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|Story||Chromium/Chrome News||Roy Schestowitz||10/12/2016 - 11:37am|
|Story||It's Been A Quiet Year-End For BUS1, The Proposed In-Kernel IPC For Linux||Roy Schestowitz||10/12/2016 - 11:34am|
|Story||Games for GNU/Linux||Roy Schestowitz||10/12/2016 - 11:27am|
|Story||Fedora News||Roy Schestowitz||10/12/2016 - 10:31am|
|Story||Android Leftovers||Roy Schestowitz||10/12/2016 - 10:29am|
|Story||Security News||Roy Schestowitz||10/12/2016 - 10:28am|
|Story||today's howtos||Roy Schestowitz||10/12/2016 - 10:27am|
|Story||A tour of Google's 2016 open source releases||Roy Schestowitz||10/12/2016 - 10:25am|
|Story||Viewing Linux Logs from the Command Line||Roy Schestowitz||10/12/2016 - 10:11am|
|Story||At Long Last, Linux Gets Dynamic Tracing||Roy Schestowitz||10/12/2016 - 10:10am|
There have been some new commits to Google's Chromium code-base this week worth pointing out.
Unless otherwise noted, changes described below apply to the newest Chrome Beta channel release for Android, Chrome OS, Linux, Mac, and Windows.
Google has announced the release of the Chrome 56 beta and it comes with a good amount of changes.
With the Linux 4.10 kernel merge window expected to open this weekend, I was digging around to see whether there was anything new on the BUS1 front and whether we might see it for the next kernel cycle.
While I have yet to see any official communication from the BUS1 developers, it doesn't look like it's happening for BUS1. In fact, it's been a rather quiet past few weeks for these developers working on this in-kernel IPC mechanism to succeed the never-merged KDBUS.
A few moments ago, Valve's engineers pushed a new Steam Client Beta, the fourth one for the week of December 5, and while it's not a major milestone, it brings an exciting feature for Steam Controller users on Linux platforms.
The fact of the matter is that there's only once change in today's Steam Client Beta release for the day of December 9, 2016, and it makes the Steam Controller device work again with the older udev rules.
To support future functionalities of the Steam Controller, which Valve is known to implement all the time to make it the best gaming controller for Steam users, the company recommends upgrading the rules to allow Steam to access /dev/hidraw*.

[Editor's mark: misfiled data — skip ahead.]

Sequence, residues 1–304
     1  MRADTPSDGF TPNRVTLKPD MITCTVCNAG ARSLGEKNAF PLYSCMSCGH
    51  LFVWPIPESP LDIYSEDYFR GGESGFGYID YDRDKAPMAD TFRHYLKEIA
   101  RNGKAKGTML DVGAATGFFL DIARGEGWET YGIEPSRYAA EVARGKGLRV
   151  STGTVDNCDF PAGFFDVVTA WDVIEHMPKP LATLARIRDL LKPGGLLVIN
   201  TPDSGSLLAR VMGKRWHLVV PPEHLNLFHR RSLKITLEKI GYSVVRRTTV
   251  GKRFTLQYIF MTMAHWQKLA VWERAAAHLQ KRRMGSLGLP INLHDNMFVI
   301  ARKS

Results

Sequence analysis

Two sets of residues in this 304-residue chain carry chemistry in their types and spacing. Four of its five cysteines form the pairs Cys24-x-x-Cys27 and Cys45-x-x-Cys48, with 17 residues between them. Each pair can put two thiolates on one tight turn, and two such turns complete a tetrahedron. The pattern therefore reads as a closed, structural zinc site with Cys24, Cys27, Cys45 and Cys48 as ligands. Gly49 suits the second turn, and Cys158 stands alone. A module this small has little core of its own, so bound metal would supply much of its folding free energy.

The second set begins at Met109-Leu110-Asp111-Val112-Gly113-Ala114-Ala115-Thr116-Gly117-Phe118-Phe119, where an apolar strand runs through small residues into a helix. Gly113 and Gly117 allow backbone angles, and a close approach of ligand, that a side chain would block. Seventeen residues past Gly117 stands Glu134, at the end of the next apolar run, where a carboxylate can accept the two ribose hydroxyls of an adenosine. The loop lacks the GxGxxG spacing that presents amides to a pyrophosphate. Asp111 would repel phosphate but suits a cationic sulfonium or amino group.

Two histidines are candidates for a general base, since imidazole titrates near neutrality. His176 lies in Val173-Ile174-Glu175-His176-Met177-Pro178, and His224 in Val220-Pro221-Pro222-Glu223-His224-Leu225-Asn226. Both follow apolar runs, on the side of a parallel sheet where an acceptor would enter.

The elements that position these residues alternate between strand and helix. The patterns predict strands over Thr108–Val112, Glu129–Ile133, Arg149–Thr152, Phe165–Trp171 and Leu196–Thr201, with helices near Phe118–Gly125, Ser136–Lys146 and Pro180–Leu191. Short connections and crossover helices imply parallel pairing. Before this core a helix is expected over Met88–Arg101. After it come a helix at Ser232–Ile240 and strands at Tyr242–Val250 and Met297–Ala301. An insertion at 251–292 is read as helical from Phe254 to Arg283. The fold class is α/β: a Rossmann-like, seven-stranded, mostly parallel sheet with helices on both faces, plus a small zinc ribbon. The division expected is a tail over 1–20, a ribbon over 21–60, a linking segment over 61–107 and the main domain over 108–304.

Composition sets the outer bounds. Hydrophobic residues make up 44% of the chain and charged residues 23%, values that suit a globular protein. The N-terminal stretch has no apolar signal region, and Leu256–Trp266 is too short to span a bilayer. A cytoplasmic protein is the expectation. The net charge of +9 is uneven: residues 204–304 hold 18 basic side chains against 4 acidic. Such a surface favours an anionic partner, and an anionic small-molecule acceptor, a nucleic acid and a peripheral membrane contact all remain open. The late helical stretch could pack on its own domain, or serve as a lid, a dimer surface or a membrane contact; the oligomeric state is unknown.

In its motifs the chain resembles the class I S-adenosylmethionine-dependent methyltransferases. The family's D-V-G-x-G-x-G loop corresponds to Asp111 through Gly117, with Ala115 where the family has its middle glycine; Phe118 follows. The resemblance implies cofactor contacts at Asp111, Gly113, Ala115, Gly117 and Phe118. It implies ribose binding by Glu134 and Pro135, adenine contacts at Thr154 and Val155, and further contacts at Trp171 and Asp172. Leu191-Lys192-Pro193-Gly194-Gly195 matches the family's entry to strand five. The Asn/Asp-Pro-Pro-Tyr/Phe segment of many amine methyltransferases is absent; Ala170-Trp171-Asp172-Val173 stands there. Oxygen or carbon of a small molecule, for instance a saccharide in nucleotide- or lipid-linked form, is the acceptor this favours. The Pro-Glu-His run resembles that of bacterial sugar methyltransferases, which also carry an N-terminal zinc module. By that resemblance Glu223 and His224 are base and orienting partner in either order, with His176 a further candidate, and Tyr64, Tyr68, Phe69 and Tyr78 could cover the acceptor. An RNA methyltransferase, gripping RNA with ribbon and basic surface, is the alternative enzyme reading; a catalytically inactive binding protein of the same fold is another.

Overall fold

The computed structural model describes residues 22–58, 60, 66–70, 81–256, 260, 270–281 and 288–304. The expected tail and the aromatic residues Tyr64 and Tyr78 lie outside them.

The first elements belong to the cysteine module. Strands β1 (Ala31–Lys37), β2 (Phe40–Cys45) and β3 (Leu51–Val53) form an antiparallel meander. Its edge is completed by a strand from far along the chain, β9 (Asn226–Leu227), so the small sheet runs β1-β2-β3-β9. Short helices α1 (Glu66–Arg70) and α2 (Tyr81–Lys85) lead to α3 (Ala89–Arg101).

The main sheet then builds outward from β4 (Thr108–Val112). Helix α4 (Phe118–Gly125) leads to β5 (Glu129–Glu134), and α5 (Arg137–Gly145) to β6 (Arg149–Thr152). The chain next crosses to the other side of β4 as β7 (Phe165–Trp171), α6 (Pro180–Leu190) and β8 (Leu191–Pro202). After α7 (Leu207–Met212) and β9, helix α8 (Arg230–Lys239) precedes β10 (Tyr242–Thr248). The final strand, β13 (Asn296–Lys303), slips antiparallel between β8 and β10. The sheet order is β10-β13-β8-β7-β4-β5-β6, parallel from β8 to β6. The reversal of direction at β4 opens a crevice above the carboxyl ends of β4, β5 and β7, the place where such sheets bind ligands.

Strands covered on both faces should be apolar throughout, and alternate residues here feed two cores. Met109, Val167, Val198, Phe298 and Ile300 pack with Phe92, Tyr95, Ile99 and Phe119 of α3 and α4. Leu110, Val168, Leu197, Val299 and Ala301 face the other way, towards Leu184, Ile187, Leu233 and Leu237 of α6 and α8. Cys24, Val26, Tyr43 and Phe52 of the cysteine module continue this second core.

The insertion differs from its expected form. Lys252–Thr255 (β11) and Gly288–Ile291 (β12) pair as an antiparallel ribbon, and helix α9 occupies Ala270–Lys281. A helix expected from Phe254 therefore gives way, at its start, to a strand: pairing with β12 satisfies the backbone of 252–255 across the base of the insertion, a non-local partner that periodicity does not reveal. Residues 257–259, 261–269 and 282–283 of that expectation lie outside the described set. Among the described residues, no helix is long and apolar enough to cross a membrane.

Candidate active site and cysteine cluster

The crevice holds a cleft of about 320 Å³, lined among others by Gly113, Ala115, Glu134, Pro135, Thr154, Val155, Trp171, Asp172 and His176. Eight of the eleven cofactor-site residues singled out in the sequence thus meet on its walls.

This is quite an amazing little fix. Marek sent in a patch for Mesa that fixes a bug that has apparently been an issue for around 9 years.
A nine-year-old Mesa bug has now been squashed by Marek Olšák. This Mesa bug ended up affecting the RadeonSI driver and causing stability issues, which has now been addressed and should help open-source AMD Linux gamers run titles like Team Fortress 2 and Batman Arkham: Origins (Wine).
Released yesterday was the newest build of vkQuake, the open-source game project developing a Vulkan renderer for the original Quake game based upon the QuakeSpasm code-base.
OneShot [Official Site, Steam], a pretty promising looking puzzle & adventure game was planned as a day-1 Linux release, but it's seen a delay.
In 2017 dgplug summer training will be happening for the 10th time. Let me tell you honestly, I had no clue that we will reach here when I started this back in 2008. The community gathered together, and we somehow managed to continue. In case, you do not know about this training, dgplug summer training is a 3 months long online IRC based course where we help people to become contributors to upstream projects. The sessions start around 6:30PM IST, and continues till 9PM (or sometimes till very late at night) for 3 months. You can read the logs of the sessions here.
Do you have an interest in the 3D printing space but don’t know which 3D printing application will work on your favorite Linux distribution? You’re in luck, because in this article, you learn about 6 of such applications that you can install on Fedora 25 and other Linux distributions, like Ubuntu 16.10 and debian 8.
Most of these you can install by selecting the 3D printing package when using the DVD or netinstall ISO image to install Fedora 25, but the rest you have to install individually.
FUDCon 2016, that was for me first of all a lot of work especially after the change of the venue in nearly last minute. Instead of ITC BarCamp happened this year at Norton University, what turned out not to be a good choice. A new hotel had to be found, not an easy task as on this side of the river are not many yet.